Williamson might have changed his mind but I didn’t change mine.  I knew the identity of the troublemakers and I understood their methodology.  I could see the fissures and fractures this created in the community.  I saw how they tried so hard to crush Ingrid – wheedling rapidly transforming into behaviour that moved through offensive and intimidating to brutish.

This toxic flow of anger and bitterness that emerges from the wellspring of Noosa politics has for decades been addicted to the taste of command and control, the addiction of secrecy and a methodology of crude attack rather than temperate persuasion.  These same characteristics infect others who inhabit this echo chamber. To read the abuse and lies they stoke into social media sites is all so, so …. sociopathic.

My instinct in the current election is that leaders will want to moderate their cronies’ behaviour.  They don’t want to lose the mayorship again, which they might if the disrespect and bad behaviour are not tempered and become an election issue. The loss of a second consecutive mayoral race would .… be …. the …. end. 

If it true that Wilkie has engineered the support of these people to try to obtain the reward of the mayoralty after an otherwise fruitless 10-year trek.  If it is true that some kind of deal or arrangement was reached, there should be disclosure.

Yes, one of the big issues in this election should be the behaviour of those male Councillors who are alleged to have bullied or intimidated the three women Councillors.  I have been informed that two of the three, feeing under threat, will say nothing.  If this is so it is scandalous.  The community should know what, if any, misbehaviour occurred to cause them to maintain their silence.

The people of Noosa – a few tens of thousands of whom desire to escape the conflict and lies– do not want this precious place trashed or taken for granted.  It does not want its female Councillors to feel they occupy an unsafe space.

I hope the community is alive to this misbehaviour and does not allow threats and lies to land another 4-3 majority in Noosa Council.  There’s too much to do without these oafs playing selfish political games and inventing pet projects on which to spend ratepayers’ money. 

Noosa needs a stable, respectful, achievement-orientate Council.  It has nothing like this at present.  I hope the community has run out of patience and deliver the changes required through the ballot box.


Feed You can follow this conversation by subscribing to the comment feed for this post.

Bernard Corden

Dear Ed - Is this the Alderley Mummers Society website?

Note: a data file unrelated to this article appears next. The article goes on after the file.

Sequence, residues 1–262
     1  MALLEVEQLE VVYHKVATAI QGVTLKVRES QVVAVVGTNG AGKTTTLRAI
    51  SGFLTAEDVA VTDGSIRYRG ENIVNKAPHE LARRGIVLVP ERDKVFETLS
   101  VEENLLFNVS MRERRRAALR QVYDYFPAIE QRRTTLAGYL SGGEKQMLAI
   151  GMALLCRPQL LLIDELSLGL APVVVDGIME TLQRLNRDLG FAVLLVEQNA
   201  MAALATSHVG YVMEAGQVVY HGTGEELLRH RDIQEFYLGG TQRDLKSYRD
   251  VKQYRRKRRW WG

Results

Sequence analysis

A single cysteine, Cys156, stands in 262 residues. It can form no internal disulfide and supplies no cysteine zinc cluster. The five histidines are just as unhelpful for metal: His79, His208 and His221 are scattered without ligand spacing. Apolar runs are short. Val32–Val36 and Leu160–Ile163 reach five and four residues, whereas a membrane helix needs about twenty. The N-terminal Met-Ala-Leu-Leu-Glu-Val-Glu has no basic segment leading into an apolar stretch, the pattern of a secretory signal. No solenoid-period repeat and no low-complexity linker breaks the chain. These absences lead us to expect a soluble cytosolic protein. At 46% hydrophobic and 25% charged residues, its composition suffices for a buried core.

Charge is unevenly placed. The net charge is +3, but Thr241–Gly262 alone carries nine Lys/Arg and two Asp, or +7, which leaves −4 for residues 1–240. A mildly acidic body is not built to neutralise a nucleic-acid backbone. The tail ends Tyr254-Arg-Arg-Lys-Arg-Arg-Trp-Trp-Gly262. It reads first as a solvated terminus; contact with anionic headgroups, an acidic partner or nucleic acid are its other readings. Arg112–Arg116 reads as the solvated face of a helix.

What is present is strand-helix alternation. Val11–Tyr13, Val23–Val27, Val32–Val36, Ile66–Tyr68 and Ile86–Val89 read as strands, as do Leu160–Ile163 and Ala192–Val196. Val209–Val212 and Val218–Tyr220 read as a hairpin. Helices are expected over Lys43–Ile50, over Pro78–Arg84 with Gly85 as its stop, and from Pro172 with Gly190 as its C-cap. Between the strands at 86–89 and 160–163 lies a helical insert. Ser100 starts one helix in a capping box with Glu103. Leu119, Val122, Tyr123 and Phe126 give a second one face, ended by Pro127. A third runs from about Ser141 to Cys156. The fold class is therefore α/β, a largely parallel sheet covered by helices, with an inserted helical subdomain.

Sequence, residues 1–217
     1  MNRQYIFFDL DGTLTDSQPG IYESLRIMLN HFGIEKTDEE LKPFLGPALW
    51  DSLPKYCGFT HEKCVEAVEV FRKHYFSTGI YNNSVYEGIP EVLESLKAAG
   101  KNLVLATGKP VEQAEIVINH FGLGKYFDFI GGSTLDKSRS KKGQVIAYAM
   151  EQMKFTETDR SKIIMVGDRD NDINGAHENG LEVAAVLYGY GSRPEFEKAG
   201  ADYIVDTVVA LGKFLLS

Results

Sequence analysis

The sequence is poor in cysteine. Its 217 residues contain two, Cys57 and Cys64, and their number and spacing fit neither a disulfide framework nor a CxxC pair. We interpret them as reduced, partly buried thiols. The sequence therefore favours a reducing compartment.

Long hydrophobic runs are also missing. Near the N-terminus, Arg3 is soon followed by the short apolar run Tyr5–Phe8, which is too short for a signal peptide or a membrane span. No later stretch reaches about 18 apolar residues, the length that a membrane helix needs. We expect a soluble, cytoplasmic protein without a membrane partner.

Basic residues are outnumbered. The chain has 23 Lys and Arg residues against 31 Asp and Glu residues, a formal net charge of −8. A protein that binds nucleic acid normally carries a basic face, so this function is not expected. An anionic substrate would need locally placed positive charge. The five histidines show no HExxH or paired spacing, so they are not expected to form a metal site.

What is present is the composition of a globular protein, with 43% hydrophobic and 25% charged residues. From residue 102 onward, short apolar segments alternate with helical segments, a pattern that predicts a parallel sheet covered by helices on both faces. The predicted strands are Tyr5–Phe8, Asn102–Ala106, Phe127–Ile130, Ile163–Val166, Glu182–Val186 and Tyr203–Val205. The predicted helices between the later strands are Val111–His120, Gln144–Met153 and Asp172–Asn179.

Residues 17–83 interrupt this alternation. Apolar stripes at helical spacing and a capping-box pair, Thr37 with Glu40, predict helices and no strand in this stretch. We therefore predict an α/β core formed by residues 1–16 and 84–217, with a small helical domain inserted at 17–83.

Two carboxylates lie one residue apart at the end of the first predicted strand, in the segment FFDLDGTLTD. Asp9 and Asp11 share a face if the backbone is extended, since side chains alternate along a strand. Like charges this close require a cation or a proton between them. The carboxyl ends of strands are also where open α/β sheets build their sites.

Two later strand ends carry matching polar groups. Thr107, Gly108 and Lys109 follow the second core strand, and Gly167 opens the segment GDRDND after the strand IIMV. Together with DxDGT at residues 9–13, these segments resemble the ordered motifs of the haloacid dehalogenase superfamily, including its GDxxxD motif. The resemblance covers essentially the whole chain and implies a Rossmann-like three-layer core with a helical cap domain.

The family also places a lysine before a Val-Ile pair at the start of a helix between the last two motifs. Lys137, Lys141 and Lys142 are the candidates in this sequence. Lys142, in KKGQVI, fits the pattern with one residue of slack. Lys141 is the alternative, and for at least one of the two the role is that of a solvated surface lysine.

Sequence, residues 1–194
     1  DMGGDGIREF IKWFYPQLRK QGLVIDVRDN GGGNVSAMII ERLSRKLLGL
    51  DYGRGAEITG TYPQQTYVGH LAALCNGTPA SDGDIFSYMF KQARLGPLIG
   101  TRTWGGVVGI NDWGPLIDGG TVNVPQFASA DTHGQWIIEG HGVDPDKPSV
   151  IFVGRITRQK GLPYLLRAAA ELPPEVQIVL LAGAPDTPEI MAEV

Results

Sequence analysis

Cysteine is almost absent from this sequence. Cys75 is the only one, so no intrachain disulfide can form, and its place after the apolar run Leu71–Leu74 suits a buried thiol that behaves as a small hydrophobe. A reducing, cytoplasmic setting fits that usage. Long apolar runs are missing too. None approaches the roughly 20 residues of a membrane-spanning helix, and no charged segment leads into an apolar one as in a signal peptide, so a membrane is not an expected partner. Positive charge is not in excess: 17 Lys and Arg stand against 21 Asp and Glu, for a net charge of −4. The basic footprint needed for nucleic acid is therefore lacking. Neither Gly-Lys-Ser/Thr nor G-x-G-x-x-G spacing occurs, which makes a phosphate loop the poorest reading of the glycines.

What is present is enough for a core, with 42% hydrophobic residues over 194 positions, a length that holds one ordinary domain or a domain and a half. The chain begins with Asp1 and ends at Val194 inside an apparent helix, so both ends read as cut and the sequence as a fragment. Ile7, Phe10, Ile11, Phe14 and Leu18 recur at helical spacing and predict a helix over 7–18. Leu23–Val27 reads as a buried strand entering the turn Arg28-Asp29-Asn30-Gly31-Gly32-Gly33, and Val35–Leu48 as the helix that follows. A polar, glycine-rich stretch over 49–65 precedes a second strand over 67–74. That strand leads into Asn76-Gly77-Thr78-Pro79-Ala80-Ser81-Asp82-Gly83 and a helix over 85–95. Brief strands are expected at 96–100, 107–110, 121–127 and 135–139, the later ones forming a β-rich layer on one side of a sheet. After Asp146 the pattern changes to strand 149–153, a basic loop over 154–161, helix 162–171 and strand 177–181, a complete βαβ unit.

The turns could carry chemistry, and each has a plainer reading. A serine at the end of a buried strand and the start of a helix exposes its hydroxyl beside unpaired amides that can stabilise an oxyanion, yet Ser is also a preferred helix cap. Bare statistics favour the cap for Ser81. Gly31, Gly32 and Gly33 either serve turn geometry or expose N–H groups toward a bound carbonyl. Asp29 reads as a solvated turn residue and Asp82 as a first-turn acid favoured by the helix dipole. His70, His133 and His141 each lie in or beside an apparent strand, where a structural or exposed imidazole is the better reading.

Mmmffff - KJ

William Dunlop

Lindsay, ha ha ha ha. What's new pussycat!

Lindsay F Bond

What clues? Are any in 'Alice's Adventures in Wonderland' written by Lewis Carroll in 1865 as an English children's novel.

Example: "How do you know I'm mad?" said Alice. "You must be," said the Cat, "or you wouldn't have come here." "Would you tell me, please, which way I ought to go from here?" "That depends a good deal on where you want to get to," said the Cat. "I don't much care where-" said Alice.

My reflecting today on that encounter stems from a priceless reply I received near a decade ago, as if of 'grin' from Cheshire Cat.

Ain't that so, Keith

Another example: "Let the jury consider their verdict," the King said, for about the twentieth time that day. "No, no!" said the Queen. "Sentence first—verdict afterwards.". "Stuff and nonsense!" said Alice loudly. "The idea of having the sentence first!" "Hold your tongue!" said the Queen, turning purple. "I won't!" said Alice.

And 'Cat' excels in saying "social media sites is all so, so …. sociopathic".

That so, Lindsay: 'Cheshire born / And Cheshire bred / Stout of arm / And thick of head', as the doggerel would have it - KJ

Henry Sims

Got the message. Noosa politics, albeit at the local government level, stinks as much as anywhere.

Politicians can generally appear to be coloured dirty, keeping the good types trodden down.

A worldwide problem, even back to Plato's time.

Bernard Corden

Noosa could easily have been nominated in the Private Eye Rotten Boroughs Awards:


Verify your Comment

Previewing your Comment

This is only a preview. Your comment has not yet been posted.

Your comment could not be posted. Error type:
Your comment has been saved. Comments are moderated and will not appear until approved by the author. Post another comment

The letters and numbers you entered did not match the image. Please try again.

As a final step before posting your comment, enter the letters and numbers you see in the image below. This prevents automated programs from posting comments.

Having trouble reading this image? View an alternate.


Post a comment

Comments are moderated, and will not appear until the author has approved them.

Your Information

(Name and email address are required. Email address will not be displayed with the comment.)